A team of scientists announced Tuesday that worsening outdoor air pollution and lethal lead poisoning have kept worldwide fatalities from environmental contamination at an estimated 9 million per year since 2015, despite modest gains in other areas.
According to the scientists’ examination of data on worldwide mortality and pollution levels, air pollution from industrial operations and urbanization caused a 7% rise in pollution-related fatalities from 2015 to 2019.
“We’re sitting in the stew pot, gently burning,” said Richard Fuller, co-author of the report and executive director of the worldwide NGO Pure Earth. “We haven’t given (environmental pollution) any priority,” unlike climate change, malaria, or HIV.
An previous version of the study, released in 2017, projected the annual death toll from pollution to be over 9 million — or nearly one in every six deaths globally — and the cost to the global economy to be up to $4.6 trillion. In terms of worldwide mortality, this puts pollution on par with smoking. COVID-19, on the other hand, has killed around 6.7 million people worldwide since the outbreak began.
The scientists collected 2019 data from the Global Burden of Disease, an ongoing project at the University of Washington that measures total pollution exposure and predicts mortality risk, for their most recent analysis, which was published in the online journal Lancet Planetary Health.
The new study digs further into the sources of pollution, distinguishing between conventional pollutants like indoor smoking and sewage and more contemporary pollutants like industrial air pollution and harmful chemicals. Here are a few crucial points to remember:
Traditional contaminants are causing fewer deaths across the world. However, they continue to be a big issue in Africa and other developing nations. According to statistics adjusted for population, Chad, the Central African Republic, and Niger have the highest pollution-related mortality due to contaminated water and soil, as well as unclean indoor air.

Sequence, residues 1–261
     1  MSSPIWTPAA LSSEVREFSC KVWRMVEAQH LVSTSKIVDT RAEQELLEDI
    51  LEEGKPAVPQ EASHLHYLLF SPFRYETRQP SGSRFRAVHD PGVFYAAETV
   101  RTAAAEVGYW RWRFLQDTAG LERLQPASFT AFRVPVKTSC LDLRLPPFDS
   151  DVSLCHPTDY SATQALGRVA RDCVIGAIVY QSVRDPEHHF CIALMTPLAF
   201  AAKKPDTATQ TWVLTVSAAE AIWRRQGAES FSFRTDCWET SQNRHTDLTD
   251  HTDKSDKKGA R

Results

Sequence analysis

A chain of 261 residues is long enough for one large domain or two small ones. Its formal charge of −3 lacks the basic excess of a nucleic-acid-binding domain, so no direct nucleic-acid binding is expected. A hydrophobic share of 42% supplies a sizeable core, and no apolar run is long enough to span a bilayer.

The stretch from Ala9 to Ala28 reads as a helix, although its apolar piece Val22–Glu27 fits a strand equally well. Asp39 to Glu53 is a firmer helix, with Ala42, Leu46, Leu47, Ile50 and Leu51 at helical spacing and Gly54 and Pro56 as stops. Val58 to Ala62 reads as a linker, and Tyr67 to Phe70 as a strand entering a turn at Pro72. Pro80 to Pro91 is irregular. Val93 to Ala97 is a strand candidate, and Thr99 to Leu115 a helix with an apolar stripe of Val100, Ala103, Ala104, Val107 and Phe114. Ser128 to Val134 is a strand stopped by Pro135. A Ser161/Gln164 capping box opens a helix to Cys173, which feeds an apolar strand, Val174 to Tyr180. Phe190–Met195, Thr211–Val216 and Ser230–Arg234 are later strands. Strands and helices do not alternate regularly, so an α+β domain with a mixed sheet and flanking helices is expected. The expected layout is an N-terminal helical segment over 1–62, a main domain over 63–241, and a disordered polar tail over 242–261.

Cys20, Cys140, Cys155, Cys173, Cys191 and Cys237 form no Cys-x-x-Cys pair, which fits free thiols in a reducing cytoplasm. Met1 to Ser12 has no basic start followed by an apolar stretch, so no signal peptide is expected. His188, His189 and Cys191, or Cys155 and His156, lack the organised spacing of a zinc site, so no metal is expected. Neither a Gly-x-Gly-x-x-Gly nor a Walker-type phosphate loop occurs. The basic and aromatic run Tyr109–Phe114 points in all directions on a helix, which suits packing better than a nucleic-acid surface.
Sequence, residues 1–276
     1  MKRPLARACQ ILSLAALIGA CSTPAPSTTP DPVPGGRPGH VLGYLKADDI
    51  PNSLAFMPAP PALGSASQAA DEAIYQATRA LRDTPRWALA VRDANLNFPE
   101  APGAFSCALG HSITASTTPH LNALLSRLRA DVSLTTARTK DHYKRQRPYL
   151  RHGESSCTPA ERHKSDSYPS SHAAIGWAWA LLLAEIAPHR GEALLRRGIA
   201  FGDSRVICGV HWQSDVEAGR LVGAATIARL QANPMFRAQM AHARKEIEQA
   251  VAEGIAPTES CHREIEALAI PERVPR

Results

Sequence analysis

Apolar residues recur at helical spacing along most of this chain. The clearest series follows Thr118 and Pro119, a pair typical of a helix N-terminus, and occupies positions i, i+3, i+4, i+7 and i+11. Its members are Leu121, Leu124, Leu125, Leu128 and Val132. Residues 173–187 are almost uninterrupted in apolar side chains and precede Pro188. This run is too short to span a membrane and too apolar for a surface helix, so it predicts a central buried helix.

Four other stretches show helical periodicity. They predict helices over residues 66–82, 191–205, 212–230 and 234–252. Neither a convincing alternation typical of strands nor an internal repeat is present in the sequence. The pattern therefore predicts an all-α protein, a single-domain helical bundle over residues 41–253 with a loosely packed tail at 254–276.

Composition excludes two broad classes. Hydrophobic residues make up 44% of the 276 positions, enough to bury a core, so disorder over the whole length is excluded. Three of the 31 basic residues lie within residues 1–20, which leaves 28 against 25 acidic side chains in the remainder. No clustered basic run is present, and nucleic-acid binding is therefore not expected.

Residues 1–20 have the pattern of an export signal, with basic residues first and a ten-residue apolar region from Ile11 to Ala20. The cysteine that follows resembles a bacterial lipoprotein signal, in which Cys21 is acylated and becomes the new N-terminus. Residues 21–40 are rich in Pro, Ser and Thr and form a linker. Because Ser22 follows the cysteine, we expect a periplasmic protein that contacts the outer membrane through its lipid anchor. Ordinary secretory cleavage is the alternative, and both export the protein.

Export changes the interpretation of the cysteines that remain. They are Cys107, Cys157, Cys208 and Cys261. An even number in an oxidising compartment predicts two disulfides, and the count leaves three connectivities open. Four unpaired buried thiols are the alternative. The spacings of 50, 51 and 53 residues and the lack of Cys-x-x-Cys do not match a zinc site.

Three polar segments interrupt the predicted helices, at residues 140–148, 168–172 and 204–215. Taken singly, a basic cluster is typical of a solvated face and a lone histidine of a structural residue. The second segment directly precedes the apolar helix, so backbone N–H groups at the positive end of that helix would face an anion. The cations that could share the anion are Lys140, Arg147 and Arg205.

In certain areas, state measures to reduce indoor air pollution and enhance cleanliness have contributed to reduce mortality rates. Between 2000 and 2019, associated mortality in Ethiopia and Nigeria fell by two-thirds as a result of these measures. Meanwhile, the Indian government began distributing gas stove hookups to replace wood-burning stoves in 2016.
Exposure to contemporary pollutants such as heavy metals, agrochemicals, and fossil fuel emissions has resulted in a 66 percent increase in deaths since 2000, according to co-author Rachael Kupka, executive director of the Global Alliance on Health and Pollution in New York.
Some large capital cities, such as Bangkok, China, and Mexico City, have experienced some progress when it comes to outdoor air pollution, according to the authors. However, pollution levels in smaller cities continue to rise.
Based on their findings on mortality adjusted for population, the research provided a list of the ten nations most affected by pollution-related fatalities.
Chad, Central African Republic, Niger, Solomon Islands, Somalia, South Africa, North Korea, Lesotho, Bulgaria, and Burkina Faso are the top ten countries.